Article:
'Compulsive Narratives' Graphic Novel Exhibit Features Original Drawings By Justin Green, Peter Kuper, Derf Backderf

The Stedman Gallery at Rutgers-Camden in Philadelphia is running a large-scale exhibit of original artwork, related talks, and multi-media that features work from the early days of Underground Comix up to current comics created by those who present "comix versions of their life stories through a marriage of drawings and text". The exhibition is entitled, "Compulsive Narratives: Stories that MUST be Told, The Graphic Novel as Confession and Inspiration", and, interestingly focuses on long-form storytelling in the graphic novel mode.

tyler1The exhibit is also making a bid for placing cartooning alongside other plastic artforms that display a thematic connection to the contents of the graphic novels featured, including artists with sensibilities kindred to the graphic novelists but working in other mediums. This pertains to "sculpture, painting, mixed media, and video" that focus on "transgressing societal conventions" with contents that may include "horrific childhoods, mental illness, sexual exploration, family history, wild adventures, unconventional friends, and alter egos". Underground Comix and many creator-driven graphic novel narratives are indeed "transgressive" in terms of societal norms, so guest curator Cheryl Harper has selected original drawings from graphic novels that sync well with these other artforms to reveal the creators' "innermost demons".

Sadly, we are a bit too late to catch the opening talk launching the exhibit by the renowned Chris Ware (which happened on January 29th), however, you can turn up until April 26th to see the featured artwork and there will be two further related events: from 5:30 p.m. to 8 p.m. on February 20th, there will be a walk-through led by curator Cheryl Harper. There will also be an artist panel discussion with David Small, Peter Kuper, and Mark Newport, moderated by Harper on Friday, April 4th, at 5 p.m.

As for the contents of the exhibit, it is incredibly wide-ranging, so here are some of the areas of focus and the contributing artists:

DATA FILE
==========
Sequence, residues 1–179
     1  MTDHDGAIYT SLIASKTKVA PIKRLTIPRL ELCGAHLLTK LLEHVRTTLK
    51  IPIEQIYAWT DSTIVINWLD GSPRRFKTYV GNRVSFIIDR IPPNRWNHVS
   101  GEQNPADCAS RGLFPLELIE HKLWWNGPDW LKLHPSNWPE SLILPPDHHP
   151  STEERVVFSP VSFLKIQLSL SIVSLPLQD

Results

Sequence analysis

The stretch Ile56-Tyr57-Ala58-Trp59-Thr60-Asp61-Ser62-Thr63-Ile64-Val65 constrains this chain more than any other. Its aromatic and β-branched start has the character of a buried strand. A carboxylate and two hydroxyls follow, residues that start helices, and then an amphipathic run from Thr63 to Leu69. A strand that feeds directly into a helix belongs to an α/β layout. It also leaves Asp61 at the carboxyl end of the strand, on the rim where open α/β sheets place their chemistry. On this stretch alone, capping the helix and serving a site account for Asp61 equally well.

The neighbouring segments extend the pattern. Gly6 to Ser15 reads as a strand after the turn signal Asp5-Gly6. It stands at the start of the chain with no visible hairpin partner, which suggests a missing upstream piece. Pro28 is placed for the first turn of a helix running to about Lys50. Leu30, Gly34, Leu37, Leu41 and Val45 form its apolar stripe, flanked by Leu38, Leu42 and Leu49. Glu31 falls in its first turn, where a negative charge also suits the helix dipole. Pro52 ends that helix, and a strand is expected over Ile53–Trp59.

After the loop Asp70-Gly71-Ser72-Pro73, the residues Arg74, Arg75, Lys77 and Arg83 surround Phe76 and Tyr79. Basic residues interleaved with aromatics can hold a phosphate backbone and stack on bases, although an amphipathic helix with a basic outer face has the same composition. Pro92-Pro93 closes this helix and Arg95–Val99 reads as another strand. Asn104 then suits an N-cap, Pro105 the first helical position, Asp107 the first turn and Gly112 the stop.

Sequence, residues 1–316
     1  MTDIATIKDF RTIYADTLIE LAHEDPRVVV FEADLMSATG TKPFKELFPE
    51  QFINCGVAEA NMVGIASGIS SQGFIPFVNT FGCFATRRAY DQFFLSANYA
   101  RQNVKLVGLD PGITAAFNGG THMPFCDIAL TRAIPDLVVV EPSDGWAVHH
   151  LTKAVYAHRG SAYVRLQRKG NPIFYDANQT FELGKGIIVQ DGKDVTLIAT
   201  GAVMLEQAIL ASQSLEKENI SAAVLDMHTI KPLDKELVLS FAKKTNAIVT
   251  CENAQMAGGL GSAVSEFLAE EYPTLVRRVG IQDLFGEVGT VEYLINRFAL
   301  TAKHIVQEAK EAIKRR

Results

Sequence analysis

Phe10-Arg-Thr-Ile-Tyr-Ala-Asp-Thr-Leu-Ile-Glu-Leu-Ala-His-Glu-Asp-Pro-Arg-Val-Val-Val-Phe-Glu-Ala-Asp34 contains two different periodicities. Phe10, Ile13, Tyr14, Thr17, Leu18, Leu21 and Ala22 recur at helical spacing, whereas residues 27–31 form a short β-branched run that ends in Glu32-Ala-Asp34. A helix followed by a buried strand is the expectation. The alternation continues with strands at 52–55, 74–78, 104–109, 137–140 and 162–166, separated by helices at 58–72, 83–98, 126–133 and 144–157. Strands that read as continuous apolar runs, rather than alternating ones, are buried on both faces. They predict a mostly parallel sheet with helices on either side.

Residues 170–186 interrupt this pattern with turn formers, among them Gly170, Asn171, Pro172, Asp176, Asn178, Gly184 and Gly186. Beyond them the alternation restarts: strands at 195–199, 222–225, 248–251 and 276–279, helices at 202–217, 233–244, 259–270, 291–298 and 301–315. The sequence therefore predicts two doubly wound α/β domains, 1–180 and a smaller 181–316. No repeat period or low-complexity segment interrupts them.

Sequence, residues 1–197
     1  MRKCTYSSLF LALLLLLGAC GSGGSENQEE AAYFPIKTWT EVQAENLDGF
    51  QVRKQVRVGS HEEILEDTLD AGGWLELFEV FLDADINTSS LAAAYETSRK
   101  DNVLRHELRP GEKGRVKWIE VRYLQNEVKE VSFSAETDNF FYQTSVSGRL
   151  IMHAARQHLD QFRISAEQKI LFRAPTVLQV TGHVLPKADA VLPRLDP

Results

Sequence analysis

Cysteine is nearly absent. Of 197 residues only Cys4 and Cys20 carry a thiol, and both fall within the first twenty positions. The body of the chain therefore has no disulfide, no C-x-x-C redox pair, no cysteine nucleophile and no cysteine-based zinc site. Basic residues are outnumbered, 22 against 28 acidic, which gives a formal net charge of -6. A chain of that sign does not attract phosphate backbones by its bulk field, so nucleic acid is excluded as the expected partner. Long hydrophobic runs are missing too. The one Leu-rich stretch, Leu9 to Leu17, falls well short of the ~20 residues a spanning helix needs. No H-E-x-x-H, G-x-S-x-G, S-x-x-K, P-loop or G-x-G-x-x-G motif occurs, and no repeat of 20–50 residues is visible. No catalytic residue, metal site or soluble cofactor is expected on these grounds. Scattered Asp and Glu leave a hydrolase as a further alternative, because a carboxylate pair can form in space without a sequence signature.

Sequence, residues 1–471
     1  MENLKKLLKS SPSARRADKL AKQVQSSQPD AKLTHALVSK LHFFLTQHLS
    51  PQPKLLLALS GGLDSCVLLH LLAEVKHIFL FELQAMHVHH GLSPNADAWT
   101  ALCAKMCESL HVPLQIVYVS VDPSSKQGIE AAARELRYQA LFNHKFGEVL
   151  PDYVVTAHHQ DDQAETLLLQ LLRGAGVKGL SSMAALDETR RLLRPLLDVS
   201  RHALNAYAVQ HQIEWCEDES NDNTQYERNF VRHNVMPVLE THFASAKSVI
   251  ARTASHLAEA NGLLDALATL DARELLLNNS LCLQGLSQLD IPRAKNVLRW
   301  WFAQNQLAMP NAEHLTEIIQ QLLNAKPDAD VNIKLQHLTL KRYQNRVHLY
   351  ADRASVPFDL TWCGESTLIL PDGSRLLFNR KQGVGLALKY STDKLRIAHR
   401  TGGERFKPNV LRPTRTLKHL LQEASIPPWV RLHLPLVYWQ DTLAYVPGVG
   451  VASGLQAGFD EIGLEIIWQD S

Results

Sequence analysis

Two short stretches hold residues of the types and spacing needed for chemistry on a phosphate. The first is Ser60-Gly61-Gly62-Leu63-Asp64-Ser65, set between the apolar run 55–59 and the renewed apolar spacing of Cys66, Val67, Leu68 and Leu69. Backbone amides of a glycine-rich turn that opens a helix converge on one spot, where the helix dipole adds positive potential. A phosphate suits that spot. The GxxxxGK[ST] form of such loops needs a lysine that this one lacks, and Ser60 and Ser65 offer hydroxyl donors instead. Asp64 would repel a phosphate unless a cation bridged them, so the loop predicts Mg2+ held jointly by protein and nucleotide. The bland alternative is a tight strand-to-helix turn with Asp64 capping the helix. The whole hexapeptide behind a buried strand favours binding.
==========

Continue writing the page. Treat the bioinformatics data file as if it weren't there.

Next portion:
Firstly, "graphic novelists who were contemporaries of early underground comix artists Robert Crumb and Art Spiegelman" including Justin Green, Julie Doucet, and Carol Tyler. Green's material will include a "stream of consciousness confessional about his Obsessive Compulsive Disorder closely aligned to his Catholic education" from Binky Brown Meets the Holy Virgin Mary.

Secondly, "unusual personal histories" will include more recent artwork by David Small, Ellen Forney, John "Derf" Backderf, and Gilad Seliktar. Backderf's work will include material from My Friend Dahmer, a first person account of his high school friend, Jeffrey Dahmer.

The third group of cartoonists in the exhibit will include Peter Kuper, Lance Tooks, and Sandy Jimenez who have all worked together on Kuper and Seth Tobocman's World War 3 Illustrated. Their artwork will include autobiographical and alter-ego based tales that range from travelogues to exploring cultural dichotomies.

singh1Multi-media artists also included in the show are sculptors Melissa Stern and Mark Newport, whose work shows "comix sensibilities"  and painters and printmakers Arpita Singh, Hiro Sakaguchi, and Marcus Benavides who explore themes of violence, post-nuclear recovery, religious themes and also reveal comix influence.

The Stedman Gallery is located in the Fine Arts Complex on Third Street, between Cooper Street and the Benjamin Franklin Bridge, on the Rutgers–Camden campus. For directions to campus, please visit camden.rutgers.edu/resources/getting-to-campus. For further information regarding the exhibition, you can also contact Cyril Reade (856-225-6242).

Enjoyed this? Please share on social media!

Stay up-to-date and support the site by following Bleeding Cool on Google News today!

Hannah Means ShannonAbout Hannah Means Shannon

Editor-in-Chief at Bleeding Cool. Independent comics scholar and former English Professor. Writing books on magic in the works of Alan Moore and the early works of Neil Gaiman.
Comments will load 20 seconds after page. Click here to load them now.